Underwriting fraud is the presentation of false or incomplete information by the customer and/or agent about a risk in order to receive a rate or product that the customer is not entitled to. This is very common and constitutes up to ten percent of premium in the Automotive insurance business.
The standard way that carriers have fought UF is through the acquisition of third party data – by matching the (hopefully) accurate and complete third party data to that provided by the customer carriers hope to highlight and ‘knock out’ fraudsters. But the theory is substantially better than the practice – even assuming that the data sources are complete and accaurate (they never are but a lot are pretty good) using data as the sole basis for knocking out an applicant is problematic. For example, what if the customer made a mistake or misunderstood the instructions? Or what if the customer has an anomalous situation like a recent move? Carriers can’t afford to exclude these common customer types simply to get at the fraudsters. You need to interact with the customer to ascertain what kind of problem you’ve got.
It’s a lot like the old ‘Cop on the Beat’ who walked his neighborhood. Say he sees someone jimmying a window in a locked house. He doesn’t shoot or immediately arrest the jimmyer – instead he walks over and asks the lad what he’s doing? Perhaps “Oh hi, officer, I lost my keys and am trying to get into my place to get my spares”. “Is that so? Well do you have any evidence that you live here?” “Sure officer, here’s my driver’s license with this address on it. And if you’ll wait a minute I’ll show you bills with my name and this address on them.” and after that the officer continues his beat. But suppose it was really a thief, how would the scenario differe “Oh hi, officer, umm i was trying to, uhh, oh look i just realized that this wasn’t my house, my house is two blocks down on the street that doesn’t have a beat cop”. In other words, the miscreant abandons his misdeed and goes to a neighborhood where the police aren’t as vigilant.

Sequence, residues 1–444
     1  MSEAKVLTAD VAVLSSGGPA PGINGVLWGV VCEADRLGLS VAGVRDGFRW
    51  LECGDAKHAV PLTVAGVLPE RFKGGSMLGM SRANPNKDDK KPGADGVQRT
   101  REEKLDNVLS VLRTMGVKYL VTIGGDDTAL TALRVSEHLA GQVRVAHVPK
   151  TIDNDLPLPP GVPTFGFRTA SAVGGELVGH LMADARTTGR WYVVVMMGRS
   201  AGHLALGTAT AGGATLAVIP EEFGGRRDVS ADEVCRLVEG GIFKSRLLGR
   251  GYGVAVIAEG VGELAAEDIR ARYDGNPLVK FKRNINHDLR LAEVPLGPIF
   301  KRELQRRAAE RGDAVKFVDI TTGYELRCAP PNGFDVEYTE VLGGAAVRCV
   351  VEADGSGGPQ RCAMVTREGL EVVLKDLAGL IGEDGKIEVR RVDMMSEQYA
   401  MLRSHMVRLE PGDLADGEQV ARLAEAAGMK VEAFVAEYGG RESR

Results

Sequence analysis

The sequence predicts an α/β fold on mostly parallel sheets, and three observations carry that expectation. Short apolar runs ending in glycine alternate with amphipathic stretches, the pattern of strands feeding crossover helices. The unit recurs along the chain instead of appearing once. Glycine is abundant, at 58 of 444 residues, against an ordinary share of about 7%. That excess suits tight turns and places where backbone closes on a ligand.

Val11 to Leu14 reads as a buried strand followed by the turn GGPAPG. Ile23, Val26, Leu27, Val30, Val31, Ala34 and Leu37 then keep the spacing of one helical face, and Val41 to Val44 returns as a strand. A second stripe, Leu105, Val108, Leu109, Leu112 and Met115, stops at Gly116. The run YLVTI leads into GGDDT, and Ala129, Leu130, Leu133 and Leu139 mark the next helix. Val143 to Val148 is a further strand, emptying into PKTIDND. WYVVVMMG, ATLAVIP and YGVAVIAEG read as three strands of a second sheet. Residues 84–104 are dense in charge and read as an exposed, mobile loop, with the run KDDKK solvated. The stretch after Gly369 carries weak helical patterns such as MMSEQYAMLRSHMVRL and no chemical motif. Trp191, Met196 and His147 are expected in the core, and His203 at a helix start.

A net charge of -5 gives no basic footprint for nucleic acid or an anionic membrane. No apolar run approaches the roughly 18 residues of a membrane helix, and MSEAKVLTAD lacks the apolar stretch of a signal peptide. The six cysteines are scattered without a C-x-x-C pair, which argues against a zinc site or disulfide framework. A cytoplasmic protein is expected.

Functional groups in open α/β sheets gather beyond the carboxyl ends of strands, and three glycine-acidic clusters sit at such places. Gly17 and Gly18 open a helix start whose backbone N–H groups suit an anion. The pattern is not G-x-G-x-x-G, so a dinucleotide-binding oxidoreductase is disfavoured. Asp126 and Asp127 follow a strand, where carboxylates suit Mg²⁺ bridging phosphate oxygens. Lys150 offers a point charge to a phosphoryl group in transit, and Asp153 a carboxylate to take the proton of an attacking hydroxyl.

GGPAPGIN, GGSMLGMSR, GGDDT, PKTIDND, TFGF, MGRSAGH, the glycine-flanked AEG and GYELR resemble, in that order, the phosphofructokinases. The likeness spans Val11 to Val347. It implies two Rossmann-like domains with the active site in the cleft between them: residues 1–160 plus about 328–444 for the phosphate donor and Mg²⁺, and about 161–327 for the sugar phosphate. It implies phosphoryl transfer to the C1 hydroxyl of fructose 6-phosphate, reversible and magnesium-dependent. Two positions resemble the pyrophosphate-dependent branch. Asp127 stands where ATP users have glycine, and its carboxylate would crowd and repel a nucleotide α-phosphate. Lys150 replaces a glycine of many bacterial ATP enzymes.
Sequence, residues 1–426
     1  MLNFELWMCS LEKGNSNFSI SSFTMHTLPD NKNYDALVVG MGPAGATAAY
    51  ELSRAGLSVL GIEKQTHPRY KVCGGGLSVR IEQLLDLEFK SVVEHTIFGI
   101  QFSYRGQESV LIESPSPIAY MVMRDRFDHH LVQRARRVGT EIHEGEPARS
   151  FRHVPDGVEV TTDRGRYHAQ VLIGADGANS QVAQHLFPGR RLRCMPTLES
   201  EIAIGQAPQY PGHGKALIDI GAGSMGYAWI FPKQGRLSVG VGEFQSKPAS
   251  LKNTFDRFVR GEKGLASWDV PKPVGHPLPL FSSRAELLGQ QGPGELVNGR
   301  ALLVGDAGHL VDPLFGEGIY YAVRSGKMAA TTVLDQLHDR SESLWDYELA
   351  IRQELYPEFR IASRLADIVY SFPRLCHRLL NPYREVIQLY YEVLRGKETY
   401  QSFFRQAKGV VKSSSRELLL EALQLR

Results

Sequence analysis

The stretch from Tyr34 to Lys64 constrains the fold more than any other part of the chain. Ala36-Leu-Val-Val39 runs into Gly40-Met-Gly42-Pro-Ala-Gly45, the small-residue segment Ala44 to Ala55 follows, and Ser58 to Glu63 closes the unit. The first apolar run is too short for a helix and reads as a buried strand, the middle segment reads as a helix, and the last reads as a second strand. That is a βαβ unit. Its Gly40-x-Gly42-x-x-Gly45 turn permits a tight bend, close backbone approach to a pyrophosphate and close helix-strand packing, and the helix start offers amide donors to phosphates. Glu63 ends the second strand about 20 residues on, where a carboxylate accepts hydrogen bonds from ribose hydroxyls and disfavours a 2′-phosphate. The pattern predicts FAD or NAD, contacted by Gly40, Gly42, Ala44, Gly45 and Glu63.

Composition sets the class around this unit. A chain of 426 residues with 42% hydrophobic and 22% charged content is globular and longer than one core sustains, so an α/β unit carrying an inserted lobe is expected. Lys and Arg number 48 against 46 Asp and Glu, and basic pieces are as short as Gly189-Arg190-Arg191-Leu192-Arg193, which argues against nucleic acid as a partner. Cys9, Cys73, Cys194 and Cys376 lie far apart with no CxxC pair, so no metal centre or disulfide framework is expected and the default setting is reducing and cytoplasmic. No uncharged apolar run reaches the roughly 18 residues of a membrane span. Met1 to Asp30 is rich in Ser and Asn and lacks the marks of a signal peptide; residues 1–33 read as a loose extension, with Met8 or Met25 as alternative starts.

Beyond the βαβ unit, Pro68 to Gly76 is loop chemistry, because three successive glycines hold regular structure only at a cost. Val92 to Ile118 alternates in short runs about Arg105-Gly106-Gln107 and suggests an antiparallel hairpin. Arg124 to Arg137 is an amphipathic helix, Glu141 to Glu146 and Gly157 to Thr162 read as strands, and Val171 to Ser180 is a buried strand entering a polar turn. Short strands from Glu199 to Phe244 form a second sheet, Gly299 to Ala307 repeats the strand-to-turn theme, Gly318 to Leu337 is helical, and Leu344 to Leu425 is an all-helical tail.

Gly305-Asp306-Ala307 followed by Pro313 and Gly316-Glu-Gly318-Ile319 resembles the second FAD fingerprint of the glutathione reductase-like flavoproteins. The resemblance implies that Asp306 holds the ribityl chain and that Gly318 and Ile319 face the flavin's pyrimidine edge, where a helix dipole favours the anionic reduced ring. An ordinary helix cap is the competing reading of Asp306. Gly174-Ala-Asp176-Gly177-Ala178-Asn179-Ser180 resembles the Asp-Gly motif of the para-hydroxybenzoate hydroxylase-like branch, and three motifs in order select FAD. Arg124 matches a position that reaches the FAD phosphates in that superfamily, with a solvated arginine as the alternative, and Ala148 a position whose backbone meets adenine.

Several things about the cop are salient:
- The cop gathers lots of information with his eyes and his ears
- But the information isn’t conclusive, it simply gives the cop indications of possible misbehavior
- So the cop interacts with the subject, trying to make sense of information anomaly
- If necessary the cop requests evidence
- Separates the sheep from the goats
- Usually scares the goats off to brand x that can’t do this
- It’s the scare off that makes this so effective – the typical UW fraudster is a casual violator – trying to get a few hundred bucks of of what he feels is an outrageously high premium so he wargames the data – fiddles with it until it returns a rate that he’s happy with. He’s not prepared to be confronted – if he is, he most often just leaves.